Sheet Music Review: Bärenreiter’s Jubilee Edition of Bach’s Cello Suites Arr. by Chung Park for Solo Viola and Solo Cello

The suites are among the highlights of 18th-century string literature and have also long been performed on viola

By Mary Nemet | From the May-June 2024 issue of Strings Magazine

The publishing house of Bärenreiter celebrated its 100th birthday in 2023, and to commemorate this milestone, it released a wealth of new jubilee editions, many of them central works in its catalog. The venerated Suites for solo cello by Johann Sebastian Bach is one such publication, this time arranged by Chung Park. The suites are among the highlights of 18th-century string literature and have also long been performed on viola. Since all autographs of the original cello suites are lost, and surviving sources are often at odds with each other regarding phrasing and bowing, musicologist and violist Park has based his arrangement on earlier Bärenreiter urtext publications of the cello suites edited by Woodfull-Harris, Schwemer, and Talle.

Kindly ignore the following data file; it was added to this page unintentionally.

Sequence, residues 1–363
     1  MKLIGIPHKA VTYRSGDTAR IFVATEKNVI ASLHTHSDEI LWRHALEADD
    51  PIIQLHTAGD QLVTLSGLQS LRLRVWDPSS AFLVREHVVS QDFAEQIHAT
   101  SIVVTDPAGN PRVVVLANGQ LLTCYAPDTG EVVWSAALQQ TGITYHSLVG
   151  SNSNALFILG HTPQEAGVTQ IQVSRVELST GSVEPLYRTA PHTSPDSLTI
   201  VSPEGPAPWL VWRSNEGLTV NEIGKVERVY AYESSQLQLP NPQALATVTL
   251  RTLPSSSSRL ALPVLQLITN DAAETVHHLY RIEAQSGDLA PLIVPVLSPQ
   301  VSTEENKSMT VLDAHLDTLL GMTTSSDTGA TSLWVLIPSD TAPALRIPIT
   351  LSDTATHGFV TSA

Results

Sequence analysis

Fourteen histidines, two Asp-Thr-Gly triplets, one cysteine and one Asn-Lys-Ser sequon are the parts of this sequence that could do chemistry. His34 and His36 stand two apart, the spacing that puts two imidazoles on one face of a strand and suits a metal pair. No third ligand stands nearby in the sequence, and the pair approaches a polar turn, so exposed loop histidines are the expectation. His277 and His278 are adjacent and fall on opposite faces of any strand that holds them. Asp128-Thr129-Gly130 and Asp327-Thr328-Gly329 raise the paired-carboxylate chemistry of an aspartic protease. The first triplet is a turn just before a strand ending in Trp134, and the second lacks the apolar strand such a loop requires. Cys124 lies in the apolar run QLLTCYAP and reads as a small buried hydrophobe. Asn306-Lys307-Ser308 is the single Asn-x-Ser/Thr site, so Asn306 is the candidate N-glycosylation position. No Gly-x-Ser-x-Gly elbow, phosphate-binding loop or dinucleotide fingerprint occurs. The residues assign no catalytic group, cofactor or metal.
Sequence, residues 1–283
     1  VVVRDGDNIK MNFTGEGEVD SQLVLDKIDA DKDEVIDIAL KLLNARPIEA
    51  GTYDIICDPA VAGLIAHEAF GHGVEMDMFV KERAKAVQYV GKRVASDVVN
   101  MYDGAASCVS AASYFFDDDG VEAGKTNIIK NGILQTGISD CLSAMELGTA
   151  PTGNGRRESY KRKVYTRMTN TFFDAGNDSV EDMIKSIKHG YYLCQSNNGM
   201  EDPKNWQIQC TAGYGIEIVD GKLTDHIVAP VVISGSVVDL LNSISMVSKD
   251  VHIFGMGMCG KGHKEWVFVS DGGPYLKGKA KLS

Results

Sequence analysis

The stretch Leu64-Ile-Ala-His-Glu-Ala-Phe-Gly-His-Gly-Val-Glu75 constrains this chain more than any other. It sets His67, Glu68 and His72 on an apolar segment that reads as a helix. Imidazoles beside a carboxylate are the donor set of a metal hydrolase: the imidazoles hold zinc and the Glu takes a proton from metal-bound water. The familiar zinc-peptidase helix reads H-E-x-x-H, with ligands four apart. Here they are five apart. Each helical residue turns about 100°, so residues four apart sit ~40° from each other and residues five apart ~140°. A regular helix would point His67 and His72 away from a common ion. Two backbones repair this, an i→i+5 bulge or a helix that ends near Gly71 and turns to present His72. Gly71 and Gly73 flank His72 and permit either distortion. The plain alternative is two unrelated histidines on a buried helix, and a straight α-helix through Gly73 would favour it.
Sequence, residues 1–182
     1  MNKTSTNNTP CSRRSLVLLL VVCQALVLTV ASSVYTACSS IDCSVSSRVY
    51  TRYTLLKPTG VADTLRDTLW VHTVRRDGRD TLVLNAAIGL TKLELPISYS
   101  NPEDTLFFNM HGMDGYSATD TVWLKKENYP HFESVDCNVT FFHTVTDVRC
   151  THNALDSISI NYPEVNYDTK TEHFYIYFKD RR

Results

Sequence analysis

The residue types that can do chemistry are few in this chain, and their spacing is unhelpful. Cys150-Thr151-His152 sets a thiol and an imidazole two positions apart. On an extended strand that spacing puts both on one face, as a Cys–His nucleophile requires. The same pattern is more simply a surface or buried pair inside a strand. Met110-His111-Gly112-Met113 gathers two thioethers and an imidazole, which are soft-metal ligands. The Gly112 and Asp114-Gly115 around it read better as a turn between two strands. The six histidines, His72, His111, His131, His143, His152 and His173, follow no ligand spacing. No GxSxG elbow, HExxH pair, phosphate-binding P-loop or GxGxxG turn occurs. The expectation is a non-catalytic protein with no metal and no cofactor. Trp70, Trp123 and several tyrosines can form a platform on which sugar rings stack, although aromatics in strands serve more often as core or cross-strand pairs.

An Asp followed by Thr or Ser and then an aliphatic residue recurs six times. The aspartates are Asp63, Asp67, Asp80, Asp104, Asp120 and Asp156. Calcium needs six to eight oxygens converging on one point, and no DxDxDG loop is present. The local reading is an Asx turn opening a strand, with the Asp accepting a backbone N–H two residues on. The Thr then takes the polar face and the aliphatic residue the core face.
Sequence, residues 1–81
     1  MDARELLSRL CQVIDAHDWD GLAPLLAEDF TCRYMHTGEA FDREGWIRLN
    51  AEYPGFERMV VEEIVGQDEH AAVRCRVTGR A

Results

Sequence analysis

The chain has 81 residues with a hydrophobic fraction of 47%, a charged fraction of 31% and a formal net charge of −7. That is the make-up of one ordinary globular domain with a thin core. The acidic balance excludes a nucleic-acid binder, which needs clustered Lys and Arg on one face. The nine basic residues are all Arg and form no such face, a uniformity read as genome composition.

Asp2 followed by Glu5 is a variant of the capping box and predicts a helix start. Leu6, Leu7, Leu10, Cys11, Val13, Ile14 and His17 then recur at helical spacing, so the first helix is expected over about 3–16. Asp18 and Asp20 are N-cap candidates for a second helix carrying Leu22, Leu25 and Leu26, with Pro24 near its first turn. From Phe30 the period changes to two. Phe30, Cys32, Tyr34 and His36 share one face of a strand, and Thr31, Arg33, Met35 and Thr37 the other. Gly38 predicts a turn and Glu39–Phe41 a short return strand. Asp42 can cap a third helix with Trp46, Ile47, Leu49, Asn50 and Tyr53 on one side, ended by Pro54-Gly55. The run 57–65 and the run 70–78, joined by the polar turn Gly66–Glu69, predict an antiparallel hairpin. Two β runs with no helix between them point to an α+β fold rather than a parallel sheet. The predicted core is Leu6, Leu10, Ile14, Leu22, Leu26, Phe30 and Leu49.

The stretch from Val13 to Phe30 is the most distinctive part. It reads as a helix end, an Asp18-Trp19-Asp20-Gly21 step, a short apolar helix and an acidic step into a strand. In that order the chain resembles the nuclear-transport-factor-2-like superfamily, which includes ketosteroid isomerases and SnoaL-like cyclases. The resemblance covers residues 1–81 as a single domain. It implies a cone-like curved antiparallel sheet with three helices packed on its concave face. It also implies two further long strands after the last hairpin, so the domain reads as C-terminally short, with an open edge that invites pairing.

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J.S.Bach: Six Suites for cello solo, BWV 1007–1012, Arr. for viola solo by Chung Park, Bärenreiter
J.S.Bach: Six Suites for cello solo, BWV 1007–1012, Arr. for viola solo by Chung Park, Bärenreiter, $30.95

In the absence of the original manuscript, five sources were examined: a text prepared by Anna Magdalena Bach, the second by Johann Peter Kellner, a third by Schober, an anonymous manuscript by Johann Troeg, and a first Paris edition by Janet & Cotelle, ca. 1826. While earlier editors mainly relied on Anna Magdalena as their primary source, Park has mined all available texts.

Despite such a complex source situation, Park reflects the latest state of research in a clear edition devoid of additional markings. He urges violists to study the various available texts and also make their own judgments regarding slurs in performance. Originally intended for a five-stringed instrument, the sixth suite is transposed into G major to facilitate string crossing. However, the editor encourages performers to seek out a five-stringed viol, which he maintains best conveys the composer’s intentions.